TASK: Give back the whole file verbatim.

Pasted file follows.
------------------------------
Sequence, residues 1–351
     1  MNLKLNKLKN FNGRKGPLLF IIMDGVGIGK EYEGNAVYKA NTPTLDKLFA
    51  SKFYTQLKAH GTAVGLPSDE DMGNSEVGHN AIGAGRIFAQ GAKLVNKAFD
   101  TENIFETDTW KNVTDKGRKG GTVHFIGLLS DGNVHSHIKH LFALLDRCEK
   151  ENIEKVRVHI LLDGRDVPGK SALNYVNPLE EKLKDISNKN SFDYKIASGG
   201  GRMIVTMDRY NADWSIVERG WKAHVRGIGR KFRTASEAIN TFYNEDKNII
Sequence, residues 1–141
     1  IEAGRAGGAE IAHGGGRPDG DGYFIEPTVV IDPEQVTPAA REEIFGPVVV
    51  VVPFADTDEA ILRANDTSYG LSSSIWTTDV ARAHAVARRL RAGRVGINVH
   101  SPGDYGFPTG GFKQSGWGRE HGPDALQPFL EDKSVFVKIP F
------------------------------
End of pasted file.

Sequence, residues 1–351
     1  MNLKLNKLKN FNGRKGPLLF IIMDGVGIGK EYEGNAVYKA NTPTLDKLFA
    51  SKFYTQLKAH GTAVGLPSDE DMGNSEVGHN AIGAGRIFAQ GAKLVNKAFD
   101  TENIFETDTW KNVTDKGRKG GTVHFIGLLS DGNVHSHIKH LFALLDRCEK
   151  ENIEKVRVHI LLDGRDVPGK SALNYVNPLE EKLKDISNKN SFDYKIASGG
   201  GRMIVTMDRY NADWSIVERG WKAHVRGIGR KFRTASEAIN TFYNEDKNII
Sequence, residues 1–141
     1  IEAGRAGGAE IAHGGGRPDG DGYFIEPTVV IDPEQVTPAA REEIFGPVVV
    51  VVPFADTDEA ILRANDTSYG LSSSIWTTDV ARAHAVARRL RAGRVGINVH
   101  SPGDYGFPTG GFKQSGWGRE HGPDALQPFL EDKSVFVKIP F